The Trouble with Reiniger?
Over the last eighteen months or so myself and Katharina Boeckenhoff (University of Manchester) have been engaged in archival research on the German animator Lotte Reiniger for a project about craft and animation. During that time I was grateful to be asked to write a chapter in Fantasy/Animation: Connections Between Media, Mediums and Genres on Reiniger by Christopher Holliday and Alexander Sergeant. While this chapter was not directly informed by the archival research we had been involved in, it raised a number of interesting thoughts and potential challenges that informed my writing. These were particularly to do with how Reiniger can be contextualised, but also vitally how she fits into the ‘canon’ and complementary histories of both fantasy film and animation.
Some time ago I had read Rachel Palfreyman’s excellent 2011 article ‘Life and Death in the Shadows: Lotte Reiniger’s Die Abenteuer des Prinzen Ahmed’ published in German Life and Letters, where she argues that it is difficult to contextualise Reiniger and there is often a preoccupation with authors for praising her work rather than any sustained analysis of it (6). My collaborative research project on this landmark filmmaker had been quite focused on how Reiniger had been and continues to be received, particularly in relation to, or comparison with, her more avant-garde friends and collaborators. The Fantasy/Animation collection raised another possible way of understanding Reiniger and her work, which is the fact that most of her animated films and advertisements were fantasy-based fairy tale films. While many scholars have focused on Reiniger’s aesthetic created by her use of silhouette cutouts, this has potentially left uncovered a number of ways that we might approach Reiniger’s work (Fig. 1).
In my chapter for Fantasy/Animation, I sought to situate Reiniger within the context of the time in which she was making Prince Achmed, which is no easy task. Palfreyman is absolutely right that it is extremely challenging to do so. One of my aims of the chapter was to place Reiniger within the artistic trends of the time and I did so by discussing her in relation to the avant-garde and expressionist cinema (as well as some other popular genres); she shares affinity and differences with both. Considering her in the context of the fantasy and/or fairy tale genre also provides a fascinating further way of thinking through Reiniger’s feature film. It struck me while writing the chapter that the fact she was producing both fairy tale and animation was another reason that Reiniger is often marginalised; both animation and fairy tale are frequently disregarded as part of a less vauable children’s media culture (See Ratelle 2018).
This understanding of Reinger as working within fantasy raised questions about her political context. The time during which Reiniger made Prince Achmed (Fig. 2) was one of the most politically and artistically charged eras of the twentieth century. I’m still fascinated by (and as I outline in the chapter) Walter Ruttman’s relationship with the film as he apparently struggled to see its relevance to that particular German context. His view is opposed by Esther Leslie who sees the film as vitally important and relevant to that time (2014: 27). This is one point on which differing views can be maintained but it is only one in a myriad of ambiguities that Reiniger and her work throw into sharp relief. Perhaps because Reiniger spans so many categories and is difficult to contextualise, her position in the ‘canon’ of film and animation is disappointingly underwhelming. As many of us seek to uncover, rediscover, and (re)position women in the histories of animation and film, it is becoming obvious and necessary that it is those very canons that will need to be reimagined. Where filmmakers and animators may have been marginalised can also be exacerbated by the genres or formats that they work in; having worked almost solely in fantasy it is quite likely that this has also contributed to a difficulty in understanding and placing Reiniger. Because her work is both fantasy (in particular fairy tale) and animated (the unusual method of silhouettes) is one of the reasons that she raises many more questions than have yet been answered. That in itself is only one reason why Reiniger’s films are deserving of the in-depth analysis that Palfreyman noted back in 2011.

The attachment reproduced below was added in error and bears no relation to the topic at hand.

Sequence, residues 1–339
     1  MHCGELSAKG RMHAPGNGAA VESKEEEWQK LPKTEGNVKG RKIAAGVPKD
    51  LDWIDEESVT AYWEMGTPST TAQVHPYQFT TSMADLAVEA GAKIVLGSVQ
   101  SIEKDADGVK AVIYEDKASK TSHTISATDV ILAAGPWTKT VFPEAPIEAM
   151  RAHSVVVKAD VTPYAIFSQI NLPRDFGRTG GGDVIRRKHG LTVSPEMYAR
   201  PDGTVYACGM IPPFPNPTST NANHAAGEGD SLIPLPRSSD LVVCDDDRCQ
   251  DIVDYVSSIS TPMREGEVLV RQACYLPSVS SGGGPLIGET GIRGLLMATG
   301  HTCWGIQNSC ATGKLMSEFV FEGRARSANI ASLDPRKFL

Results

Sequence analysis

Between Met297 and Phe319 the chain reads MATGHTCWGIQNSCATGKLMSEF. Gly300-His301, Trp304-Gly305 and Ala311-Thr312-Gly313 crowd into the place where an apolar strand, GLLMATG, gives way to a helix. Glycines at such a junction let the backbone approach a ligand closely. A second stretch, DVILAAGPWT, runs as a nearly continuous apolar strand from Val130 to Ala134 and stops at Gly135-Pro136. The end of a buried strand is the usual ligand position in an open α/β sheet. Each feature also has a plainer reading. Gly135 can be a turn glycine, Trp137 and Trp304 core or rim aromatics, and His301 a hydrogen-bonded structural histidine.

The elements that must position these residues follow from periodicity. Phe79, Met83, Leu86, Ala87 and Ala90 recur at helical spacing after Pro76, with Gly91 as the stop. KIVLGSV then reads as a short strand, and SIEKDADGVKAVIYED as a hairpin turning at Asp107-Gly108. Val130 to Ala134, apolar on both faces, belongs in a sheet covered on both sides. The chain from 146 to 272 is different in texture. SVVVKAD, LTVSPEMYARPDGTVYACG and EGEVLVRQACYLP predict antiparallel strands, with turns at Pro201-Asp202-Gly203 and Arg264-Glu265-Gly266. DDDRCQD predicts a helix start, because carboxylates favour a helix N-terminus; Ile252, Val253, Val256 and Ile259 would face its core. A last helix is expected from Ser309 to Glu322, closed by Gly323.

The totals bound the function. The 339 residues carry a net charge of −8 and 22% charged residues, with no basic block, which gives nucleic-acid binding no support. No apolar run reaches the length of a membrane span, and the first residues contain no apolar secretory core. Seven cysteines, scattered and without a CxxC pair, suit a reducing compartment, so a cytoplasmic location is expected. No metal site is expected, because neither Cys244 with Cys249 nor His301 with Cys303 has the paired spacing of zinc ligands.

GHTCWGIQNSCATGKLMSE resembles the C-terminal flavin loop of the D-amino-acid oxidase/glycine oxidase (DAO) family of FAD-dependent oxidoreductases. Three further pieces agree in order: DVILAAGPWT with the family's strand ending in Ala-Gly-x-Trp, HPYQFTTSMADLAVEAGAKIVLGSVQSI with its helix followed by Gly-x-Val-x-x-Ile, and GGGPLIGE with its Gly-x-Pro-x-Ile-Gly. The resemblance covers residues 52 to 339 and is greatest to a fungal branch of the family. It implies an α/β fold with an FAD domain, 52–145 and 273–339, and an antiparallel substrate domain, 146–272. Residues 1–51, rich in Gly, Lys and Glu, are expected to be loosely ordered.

Leslie, Esther. "Animation and History," in Animating Film Theory, ed. Karen Beckman (Durham, NC: Duke University Press, 2014), 25-36.
Palfreyman, Rachel. "Life and Death in the Shadows: Lotte Reiniger’s Die Abenteuer des Prinzen Ahmed," German Life and Letters 64, no.1 (2011): 6-18.
Ratelle, Amy. "Animation and/as Children’s Entertainment," in The Animation Studies Reader, eds. Nichola Dobson, Amy Ratelle, Annabelle Honess Roe and Caroline Ruddell (London & New York: Bloomsbury, forthcoming 2018).
Dr Caroline Ruddell is Senior Lecturer in Film and Television in the Screen Media department at Brunel University, London. She specializes in film theory, representation on-screen, and animation, and has published on anime, Rotoshop, and the representation of identity. Caroline is currently researching Lotte Reiniger's silhouette films and craft-based, handmade animation. She is Associate Editor for the Sage publication animation: an interdisciplinary journal and sits on various Editorial Boards.